I have turned into a dog walker. I don’t have a dog. I just have been taking a dog on walks. Long walks. It’s a temporary job while my sister-in-law is away for a week.
My first reflection on my temporary career is—it is awesome. Getting out in nature in the morning for an hour-long walk is great. Where I am staying is at the bottom of a ski hill, with a huge forest all around—so the environment I am in provides a huge boost to the experience.
The dog’s name is Caelan, and as a general rule he is wonderfully trained. But he is a dog, so when I am near civilization, he is kept on a leash. But when we are back in the woods he is off leash, to allow him the freedom to wander around, sniff and explore, i.e., to do what dogs do best. Just recently, for example, he sniffed out three wild turkeys a few yards from where I was walking. It was simultaneously surprising and memorable.
We all know that dogs are known for following their nose, and from what I have been observing, it is certainly true—particularly a collie. For example, in a very recent walk he got too close to a commercial garbage bin—and while he had been off leash in the woods, we were too close to civilization, and as a result he detected it and ran off before I could stop him. It took me quite a while to convince him to get back on leash—the final solution was when I got down on my hands and knees and gently coaxed him close.
This whole dog-walking experience got me thinking. We are often encouraged in life to “Just do it!”—as Nike so famously coined. And while I am a huge fan of action, I am concerned that we are increasingly becoming like my companion in the woods—running around sniffing out the next thing around the corner. Our interrupt-driven society is heading us in a direction of chronic activity and chronic stress. The statistics on stress-related health disorders are all the proof we should need to help us determine to change our ways before it is too late.
One of the differences between dogs and humans is our advanced ability to think before do. We can literally create in advance without risk, by envisioning something before it happens. We can plan, visualize and recreate over and over—before anything outside of our thought life—before any physical activity takes place.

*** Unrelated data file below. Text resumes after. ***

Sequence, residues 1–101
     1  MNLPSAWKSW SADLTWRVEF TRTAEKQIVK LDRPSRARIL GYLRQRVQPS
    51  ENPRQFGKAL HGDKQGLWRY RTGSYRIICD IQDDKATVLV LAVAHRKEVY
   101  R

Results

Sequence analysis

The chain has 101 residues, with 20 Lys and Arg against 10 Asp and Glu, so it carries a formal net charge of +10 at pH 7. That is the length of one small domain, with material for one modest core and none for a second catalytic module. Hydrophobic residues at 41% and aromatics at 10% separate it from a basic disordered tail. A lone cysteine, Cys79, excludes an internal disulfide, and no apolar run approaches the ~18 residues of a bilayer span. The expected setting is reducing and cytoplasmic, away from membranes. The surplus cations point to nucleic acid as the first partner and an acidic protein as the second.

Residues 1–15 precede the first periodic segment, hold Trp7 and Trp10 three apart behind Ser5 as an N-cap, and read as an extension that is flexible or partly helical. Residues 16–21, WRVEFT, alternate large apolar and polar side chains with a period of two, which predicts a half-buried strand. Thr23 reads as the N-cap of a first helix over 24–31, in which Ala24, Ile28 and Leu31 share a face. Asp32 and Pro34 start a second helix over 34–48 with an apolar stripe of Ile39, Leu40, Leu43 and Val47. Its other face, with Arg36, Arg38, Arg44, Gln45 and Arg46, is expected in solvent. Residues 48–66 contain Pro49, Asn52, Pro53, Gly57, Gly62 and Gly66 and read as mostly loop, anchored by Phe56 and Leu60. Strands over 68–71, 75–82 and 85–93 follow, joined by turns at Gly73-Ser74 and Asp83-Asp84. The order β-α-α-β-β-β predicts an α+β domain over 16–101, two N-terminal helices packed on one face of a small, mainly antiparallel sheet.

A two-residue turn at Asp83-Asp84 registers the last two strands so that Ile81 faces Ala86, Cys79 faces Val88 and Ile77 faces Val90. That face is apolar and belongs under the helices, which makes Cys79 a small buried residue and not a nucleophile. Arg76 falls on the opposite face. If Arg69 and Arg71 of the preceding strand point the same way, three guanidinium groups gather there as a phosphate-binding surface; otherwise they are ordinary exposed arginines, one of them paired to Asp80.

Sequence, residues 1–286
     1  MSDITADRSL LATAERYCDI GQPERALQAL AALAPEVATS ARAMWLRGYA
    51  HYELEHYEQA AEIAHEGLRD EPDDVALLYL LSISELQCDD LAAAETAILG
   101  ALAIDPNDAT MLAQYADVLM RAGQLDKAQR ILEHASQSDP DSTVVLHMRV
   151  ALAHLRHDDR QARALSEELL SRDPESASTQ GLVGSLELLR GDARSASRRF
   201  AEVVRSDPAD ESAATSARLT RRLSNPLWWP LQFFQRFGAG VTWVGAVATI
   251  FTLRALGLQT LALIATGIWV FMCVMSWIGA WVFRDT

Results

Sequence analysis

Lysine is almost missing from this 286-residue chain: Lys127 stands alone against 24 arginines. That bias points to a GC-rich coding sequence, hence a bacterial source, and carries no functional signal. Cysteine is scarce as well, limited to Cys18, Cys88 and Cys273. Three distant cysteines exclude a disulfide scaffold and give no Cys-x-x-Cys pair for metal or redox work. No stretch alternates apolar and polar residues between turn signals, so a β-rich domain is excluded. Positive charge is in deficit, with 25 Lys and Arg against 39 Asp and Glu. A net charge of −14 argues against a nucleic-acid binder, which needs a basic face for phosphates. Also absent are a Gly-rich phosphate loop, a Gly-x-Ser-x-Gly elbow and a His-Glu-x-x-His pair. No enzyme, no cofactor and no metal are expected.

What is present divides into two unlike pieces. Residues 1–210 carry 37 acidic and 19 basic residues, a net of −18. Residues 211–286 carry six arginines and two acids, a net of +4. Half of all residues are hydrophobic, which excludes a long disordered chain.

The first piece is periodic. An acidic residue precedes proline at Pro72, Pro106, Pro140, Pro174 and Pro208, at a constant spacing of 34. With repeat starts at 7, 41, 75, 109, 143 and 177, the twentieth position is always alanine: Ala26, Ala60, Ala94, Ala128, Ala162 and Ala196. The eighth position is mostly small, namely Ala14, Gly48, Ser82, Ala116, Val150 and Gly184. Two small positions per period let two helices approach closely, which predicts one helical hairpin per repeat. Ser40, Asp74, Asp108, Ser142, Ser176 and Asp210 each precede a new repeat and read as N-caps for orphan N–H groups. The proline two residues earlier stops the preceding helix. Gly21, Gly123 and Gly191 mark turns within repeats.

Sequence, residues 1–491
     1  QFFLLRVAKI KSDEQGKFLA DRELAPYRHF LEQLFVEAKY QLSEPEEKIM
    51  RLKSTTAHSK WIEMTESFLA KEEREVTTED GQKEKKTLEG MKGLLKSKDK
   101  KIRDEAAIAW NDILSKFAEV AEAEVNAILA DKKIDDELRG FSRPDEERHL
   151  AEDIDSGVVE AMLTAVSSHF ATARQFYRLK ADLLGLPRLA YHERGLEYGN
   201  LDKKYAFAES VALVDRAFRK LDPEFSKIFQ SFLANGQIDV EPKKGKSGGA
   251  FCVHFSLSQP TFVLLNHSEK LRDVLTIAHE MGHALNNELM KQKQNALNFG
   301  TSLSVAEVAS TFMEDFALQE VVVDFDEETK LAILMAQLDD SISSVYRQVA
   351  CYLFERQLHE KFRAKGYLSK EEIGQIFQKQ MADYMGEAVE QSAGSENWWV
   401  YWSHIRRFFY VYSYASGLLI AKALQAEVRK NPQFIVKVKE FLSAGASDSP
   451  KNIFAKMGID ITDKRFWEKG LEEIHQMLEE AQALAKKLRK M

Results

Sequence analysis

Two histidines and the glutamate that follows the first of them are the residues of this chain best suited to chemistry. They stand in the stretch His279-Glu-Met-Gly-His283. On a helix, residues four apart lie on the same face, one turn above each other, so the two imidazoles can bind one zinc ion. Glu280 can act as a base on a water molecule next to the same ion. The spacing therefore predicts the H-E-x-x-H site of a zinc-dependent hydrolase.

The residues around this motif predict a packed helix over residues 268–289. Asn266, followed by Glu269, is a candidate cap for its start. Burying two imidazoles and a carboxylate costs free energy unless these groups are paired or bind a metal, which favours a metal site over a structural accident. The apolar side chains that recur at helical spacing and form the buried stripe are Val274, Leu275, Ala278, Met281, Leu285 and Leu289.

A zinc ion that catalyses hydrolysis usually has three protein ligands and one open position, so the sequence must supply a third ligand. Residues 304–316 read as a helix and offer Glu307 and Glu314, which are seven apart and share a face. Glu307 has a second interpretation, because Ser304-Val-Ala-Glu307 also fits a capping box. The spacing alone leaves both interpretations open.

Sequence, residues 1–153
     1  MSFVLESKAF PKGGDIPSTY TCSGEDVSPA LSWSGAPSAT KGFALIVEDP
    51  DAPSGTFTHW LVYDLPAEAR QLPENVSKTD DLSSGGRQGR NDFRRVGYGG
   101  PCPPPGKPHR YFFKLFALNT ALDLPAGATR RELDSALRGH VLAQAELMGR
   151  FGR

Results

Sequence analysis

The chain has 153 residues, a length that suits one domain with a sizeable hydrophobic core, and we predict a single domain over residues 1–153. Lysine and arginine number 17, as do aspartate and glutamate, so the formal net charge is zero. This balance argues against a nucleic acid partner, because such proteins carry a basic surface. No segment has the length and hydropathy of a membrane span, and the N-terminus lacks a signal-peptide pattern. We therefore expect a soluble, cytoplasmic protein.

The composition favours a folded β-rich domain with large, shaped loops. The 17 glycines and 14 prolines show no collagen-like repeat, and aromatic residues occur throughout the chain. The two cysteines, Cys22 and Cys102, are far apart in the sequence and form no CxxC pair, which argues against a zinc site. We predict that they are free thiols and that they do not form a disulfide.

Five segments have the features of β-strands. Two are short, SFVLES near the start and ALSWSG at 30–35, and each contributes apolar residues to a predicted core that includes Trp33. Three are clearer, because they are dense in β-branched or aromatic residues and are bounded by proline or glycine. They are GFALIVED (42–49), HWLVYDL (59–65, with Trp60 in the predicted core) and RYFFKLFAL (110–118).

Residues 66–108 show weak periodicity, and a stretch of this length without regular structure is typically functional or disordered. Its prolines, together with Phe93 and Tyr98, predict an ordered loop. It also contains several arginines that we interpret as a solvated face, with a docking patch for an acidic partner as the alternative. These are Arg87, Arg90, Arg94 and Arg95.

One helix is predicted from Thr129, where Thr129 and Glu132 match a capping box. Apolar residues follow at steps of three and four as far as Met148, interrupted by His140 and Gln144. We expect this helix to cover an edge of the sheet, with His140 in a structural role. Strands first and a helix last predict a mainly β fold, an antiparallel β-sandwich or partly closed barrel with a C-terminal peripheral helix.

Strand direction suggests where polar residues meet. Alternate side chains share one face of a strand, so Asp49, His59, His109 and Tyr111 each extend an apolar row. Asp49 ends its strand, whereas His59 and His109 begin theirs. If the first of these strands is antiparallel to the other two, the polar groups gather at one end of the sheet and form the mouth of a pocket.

Are we using it? Are we taking time to experience a moment—to make sure we are in a positive, calm, quiet and wonderful place in our thinking—something we often write about called mindfulness? Do we spend healthy, positive time “in our heads,” creating, planning and dreaming?
While I definitely am not talking about thinking yourself into inactivity—which can certainly be a problem for many of us—I want to reinforce the need to think before you act.
Here is a little exercise to try:
1. Start with mindfulness. Take some time to just experience the moment. Go for a walk in the woods (with or without a dog). Sit beside a stream and listen to the water running. Stare at a flower and take it all in (stop and smell the roses really is good advice!). Try to just let your mind go. You are preparing yourself for the wonder of clean-slate thinking and dreaming.
2. Take time to reflect. Consider the past 24 hours. Or even the past week. What did you learn? What was wonderful? What new thoughts and new ideas came to you? Focus on the positive. Find the good.
3. Take time to dream. Consider the next 24 hours, or even the next week. What is something wonderful or new that you can “create in your head” before it happens?
Try this out every week, or maybe even more often. Get in touch with your inner self. Create things in your mind before creating them “in the real world”—it’s a powerful, healing and life-changing experience.
It may be just the prescription for what ails you.
– David Sigler
David has been working with Jake Carney, founder and CEO of The Alternative Daily, since its inception. He is a business coach as well as a passionate health food advocate. David is also a writer and editor at The Alternative Daily. He has four adult children and two grandchildren and lives in sunny Florida with his wife.